**So, how exactly does Kubernetes enable DevOps? Let's dive into what Siamak had to say: **

1. Deployment automation.

You should automate every step of your delivery pipeline. Kubernetes automates the deployment of containers. Each component becomes a container image.

**2. Infrastructure as code. **

With **Kubernetes **your entire infrastructure is code. This means any part in your application (databases, ports, access controls, etc.) can be described in a way **Kubernetes **can use. For example, you store your infrastructure code in a version-control repository. **Kubernetes **takes the code, and based on instruction, deploys, and maintains your infrastructure. This happens automatically and consistently.

3. Configuration as code.

**Kubernetes **allows you to "configure as code." Traditionally, an admin had to run configuration scripts manually to make sure they get the right one. **Kubernetes **keeps the file in the source repo. This allows you to describe where the file needs to go in the container and how the application consumes it. Additionally, it can be version controlled.

4. Immutable infrastructure.

Since the inception of servers, there's been one problem: every time you put out a fire you change the state of the virtual machine. Eventually, you don't know exactly what the server looks like and you can't recreate it, even though you know it works. (These virtual machines are referred to as snowflakes.)

In Kubernetes, new containers are immutable; they are created when there is a problem with the original state. So, you can be confident that you know exactly how the new environment is configured.

5. On-Demand Infrastructure.

Developers can create hybrid services and infrastructure on-demand from the self-service catalog. This gives control to developers to get the resources they need, yet allows operations to control the configuration of the services. Kubernetes follows open service and API standards so you can expose cloud services.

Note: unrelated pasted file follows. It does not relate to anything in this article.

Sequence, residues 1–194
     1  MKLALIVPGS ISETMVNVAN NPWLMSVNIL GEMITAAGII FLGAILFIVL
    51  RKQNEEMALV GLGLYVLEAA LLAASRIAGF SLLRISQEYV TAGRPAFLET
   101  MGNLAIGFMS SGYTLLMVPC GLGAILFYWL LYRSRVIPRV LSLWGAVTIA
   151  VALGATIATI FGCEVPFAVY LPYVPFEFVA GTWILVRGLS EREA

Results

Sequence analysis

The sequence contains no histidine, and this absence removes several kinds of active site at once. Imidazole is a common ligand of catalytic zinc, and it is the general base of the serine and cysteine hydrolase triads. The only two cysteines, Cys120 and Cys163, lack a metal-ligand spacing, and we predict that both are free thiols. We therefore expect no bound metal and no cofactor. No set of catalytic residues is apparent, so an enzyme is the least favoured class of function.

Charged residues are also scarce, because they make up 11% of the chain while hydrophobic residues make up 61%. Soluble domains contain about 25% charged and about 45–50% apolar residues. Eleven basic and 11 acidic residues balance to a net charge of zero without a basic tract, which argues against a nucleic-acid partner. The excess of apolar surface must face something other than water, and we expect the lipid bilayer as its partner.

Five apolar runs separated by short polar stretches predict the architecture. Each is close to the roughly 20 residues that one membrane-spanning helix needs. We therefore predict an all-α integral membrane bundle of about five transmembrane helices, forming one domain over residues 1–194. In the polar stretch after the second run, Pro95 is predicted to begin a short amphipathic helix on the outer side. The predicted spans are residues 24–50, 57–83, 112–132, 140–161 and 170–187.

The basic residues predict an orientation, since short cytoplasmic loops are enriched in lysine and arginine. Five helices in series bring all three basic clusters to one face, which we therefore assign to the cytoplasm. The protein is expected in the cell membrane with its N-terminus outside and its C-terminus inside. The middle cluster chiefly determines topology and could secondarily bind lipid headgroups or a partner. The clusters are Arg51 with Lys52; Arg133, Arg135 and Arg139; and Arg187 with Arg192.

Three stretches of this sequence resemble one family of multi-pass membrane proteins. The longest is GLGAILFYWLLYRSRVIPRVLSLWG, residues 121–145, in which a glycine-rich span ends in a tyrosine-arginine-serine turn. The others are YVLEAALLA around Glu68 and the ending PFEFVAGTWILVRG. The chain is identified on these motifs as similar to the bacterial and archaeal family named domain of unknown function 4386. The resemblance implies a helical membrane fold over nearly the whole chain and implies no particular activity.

6. Environment consistency.

Build once, and deploy into production-like environments everywhere. Kubernetes allows you to build a golden image and use the exact same image for every single place you deploy your container. This gives you a consistent, production-like environment so it is the exact same whether you are on your local Windows or Mac development machine, a test server, etc. This helps you "shift left" so that you can see issues when you are in development instead of in production.

7. Continuous Delivery pipeline.

This is a series of automated steps to test code before it goes in production. Jez Humble says the role of Continuous Delivery is, "an automated process to prove to you a change is a bad change and it should not go into production." Continuous Integration (CI) means every change is tested. Continuous Delivery (CD) automates all the way to production.

How can you tell if you have fully implemented Continuous Delivery? Siamak says that the test is if someone walks in and says, "Can you go to production right now?" can you do it without breaking a sweat?